An Essay by John Poyner

For my film study I would like to discuss Witness , directed by Peter Weir and starring Harrison Ford and Kelly McGillis. As regards genre, the film can be classified as detective thriller, though it certainly does not slavishly follow the conventions, but rather uses them in an original way to explore issues which I will discuss when I come to consider representations. In some ways the main character, the detective played by Harrison Ford, conforms to our expectations of the genre. He is a hard man capable of looking after himself: we see this when he beats up the louts who were taunting the Amish, and when he defeats his enemies at the end even though he is outnumbered three to one and they are armed and he is not.

However, although he is tough there is never any doubt that he is on the side of law and order. He is a loner, and this also is a common genre feature: his sister suggests that his life as a policeman is a substitute for his inability to form a stable relationship with a woman.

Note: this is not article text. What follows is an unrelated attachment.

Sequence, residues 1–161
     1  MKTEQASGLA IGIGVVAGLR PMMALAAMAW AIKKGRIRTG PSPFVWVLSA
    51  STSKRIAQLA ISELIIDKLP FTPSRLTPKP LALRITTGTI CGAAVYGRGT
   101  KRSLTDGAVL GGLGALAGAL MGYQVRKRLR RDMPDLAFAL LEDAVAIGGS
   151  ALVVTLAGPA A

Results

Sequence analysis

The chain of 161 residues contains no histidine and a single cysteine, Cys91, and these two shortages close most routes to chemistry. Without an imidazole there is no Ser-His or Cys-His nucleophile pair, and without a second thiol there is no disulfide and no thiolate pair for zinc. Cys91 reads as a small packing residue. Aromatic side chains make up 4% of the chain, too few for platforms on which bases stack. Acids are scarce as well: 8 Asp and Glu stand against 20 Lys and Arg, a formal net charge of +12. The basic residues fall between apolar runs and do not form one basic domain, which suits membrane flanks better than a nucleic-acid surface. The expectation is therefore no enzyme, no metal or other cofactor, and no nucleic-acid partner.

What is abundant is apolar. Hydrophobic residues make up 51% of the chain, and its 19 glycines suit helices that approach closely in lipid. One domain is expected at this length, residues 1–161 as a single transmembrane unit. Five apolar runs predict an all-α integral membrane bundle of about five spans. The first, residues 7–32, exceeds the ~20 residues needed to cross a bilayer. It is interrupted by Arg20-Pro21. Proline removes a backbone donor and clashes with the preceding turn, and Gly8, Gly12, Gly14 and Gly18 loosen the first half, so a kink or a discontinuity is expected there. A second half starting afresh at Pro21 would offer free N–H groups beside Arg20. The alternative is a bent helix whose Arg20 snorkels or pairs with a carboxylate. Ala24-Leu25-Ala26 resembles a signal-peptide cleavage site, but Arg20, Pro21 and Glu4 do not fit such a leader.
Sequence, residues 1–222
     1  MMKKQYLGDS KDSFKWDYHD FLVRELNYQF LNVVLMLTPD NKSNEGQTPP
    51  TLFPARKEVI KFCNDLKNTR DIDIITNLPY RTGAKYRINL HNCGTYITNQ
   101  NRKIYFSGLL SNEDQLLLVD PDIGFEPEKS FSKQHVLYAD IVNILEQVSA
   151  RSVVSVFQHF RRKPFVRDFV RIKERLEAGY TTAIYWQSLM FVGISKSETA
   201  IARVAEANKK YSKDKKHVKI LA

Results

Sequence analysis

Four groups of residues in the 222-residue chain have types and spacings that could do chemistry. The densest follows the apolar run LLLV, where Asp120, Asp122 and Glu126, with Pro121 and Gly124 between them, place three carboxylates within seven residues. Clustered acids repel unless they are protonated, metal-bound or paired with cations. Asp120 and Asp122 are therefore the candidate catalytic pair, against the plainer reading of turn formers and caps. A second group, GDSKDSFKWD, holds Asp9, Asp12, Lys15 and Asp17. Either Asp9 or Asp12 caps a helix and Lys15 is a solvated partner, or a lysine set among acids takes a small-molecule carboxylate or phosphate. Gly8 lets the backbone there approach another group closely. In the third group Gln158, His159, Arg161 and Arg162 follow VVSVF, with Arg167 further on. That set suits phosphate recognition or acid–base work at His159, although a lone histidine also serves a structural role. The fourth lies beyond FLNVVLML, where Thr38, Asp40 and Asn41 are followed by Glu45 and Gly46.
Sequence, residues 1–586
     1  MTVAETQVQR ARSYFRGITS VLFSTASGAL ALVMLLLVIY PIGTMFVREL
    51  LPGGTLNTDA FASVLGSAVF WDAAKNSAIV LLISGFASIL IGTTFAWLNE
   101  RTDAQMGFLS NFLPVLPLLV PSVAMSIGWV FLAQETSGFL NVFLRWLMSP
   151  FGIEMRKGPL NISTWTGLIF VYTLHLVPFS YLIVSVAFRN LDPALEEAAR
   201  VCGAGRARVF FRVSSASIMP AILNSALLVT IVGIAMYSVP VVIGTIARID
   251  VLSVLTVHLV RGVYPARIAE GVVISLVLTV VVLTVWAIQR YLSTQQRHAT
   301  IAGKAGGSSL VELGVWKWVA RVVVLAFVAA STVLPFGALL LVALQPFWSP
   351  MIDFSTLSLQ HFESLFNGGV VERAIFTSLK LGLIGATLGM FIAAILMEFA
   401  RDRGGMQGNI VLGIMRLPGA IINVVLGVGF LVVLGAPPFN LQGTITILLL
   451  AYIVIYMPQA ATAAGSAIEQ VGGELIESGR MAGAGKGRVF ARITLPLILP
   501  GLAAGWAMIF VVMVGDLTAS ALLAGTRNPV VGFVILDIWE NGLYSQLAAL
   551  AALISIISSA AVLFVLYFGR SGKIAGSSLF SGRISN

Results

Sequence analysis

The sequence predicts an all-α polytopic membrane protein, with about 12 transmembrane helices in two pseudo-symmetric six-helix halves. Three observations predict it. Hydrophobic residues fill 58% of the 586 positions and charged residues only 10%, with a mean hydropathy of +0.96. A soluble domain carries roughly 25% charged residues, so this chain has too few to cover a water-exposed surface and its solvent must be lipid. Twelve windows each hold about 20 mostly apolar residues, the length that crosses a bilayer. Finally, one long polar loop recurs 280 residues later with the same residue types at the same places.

We also have criminals who murder an undercover policeman who was presumably investigating their involvement in the drugs scene. Interestingly the criminals are themselves corrupt policemen, the ringleader being Ford's boss. The honest cop pitted against corrupt members of the force is a common feature in thrillers, e.g. Touch of Evil by Orson Welles. The main female character, played by Kelly McGillis, becomes involved in the murder investigation as her son is the only witness to the crime. Much of the interest in the film centres on the development of her relationship with Ford, and again this type of love interest frequently features in thrillers.